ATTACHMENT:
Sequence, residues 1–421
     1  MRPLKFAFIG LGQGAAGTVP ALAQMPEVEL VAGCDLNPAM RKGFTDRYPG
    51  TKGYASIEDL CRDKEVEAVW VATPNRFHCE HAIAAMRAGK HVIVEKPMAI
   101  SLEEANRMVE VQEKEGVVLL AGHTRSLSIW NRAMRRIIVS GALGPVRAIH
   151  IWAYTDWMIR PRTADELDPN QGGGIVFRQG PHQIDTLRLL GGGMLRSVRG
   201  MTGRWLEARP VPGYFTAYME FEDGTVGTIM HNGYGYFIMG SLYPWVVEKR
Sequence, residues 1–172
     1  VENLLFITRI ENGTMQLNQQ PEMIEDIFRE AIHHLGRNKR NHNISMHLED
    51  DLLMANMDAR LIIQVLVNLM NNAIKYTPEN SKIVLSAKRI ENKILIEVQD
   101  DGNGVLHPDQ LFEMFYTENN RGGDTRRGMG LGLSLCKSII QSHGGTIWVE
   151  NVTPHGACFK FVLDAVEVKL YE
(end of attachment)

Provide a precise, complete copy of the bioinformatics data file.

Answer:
Sequence, residues 1–421
     1  MRPLKFAFIG LGQGAAGTVP ALAQMPEVEL VAGCDLNPAM RKGFTDRYPG
    51  TKGYASIEDL CRDKEVEAVW VATPNRFHCE HAIAAMRAGK HVIVEKPMAI
   101  SLEEANRMVE VQEKEGVVLL AGHTRSLSIW NRAMRRIIVS GALGPVRAIH
   151  IWAYTDWMIR PRTADELDPN QGGGIVFRQG PHQIDTLRLL GGGMLRSVRG
   201  MTGRWLEARP VPGYFTAYME FEDGTVGTIM HNGYGYFIMG SLYPWVVEKR
Sequence, residues 1–172
     1  VENLLFITRI ENGTMQLNQQ PEMIEDIFRE AIHHLGRNKR NHNISMHLED
    51  DLLMANMDAR LIIQVLVNLM NNAIKYTPEN SKIVLSAKRI ENKILIEVQD
   101  DGNGVLHPDQ LFEMFYTENN RGGDTRRGMG LGLSLCKSII QSHGGTIWVE
   151  NVTPHGACFK FVLDAVEVKL YE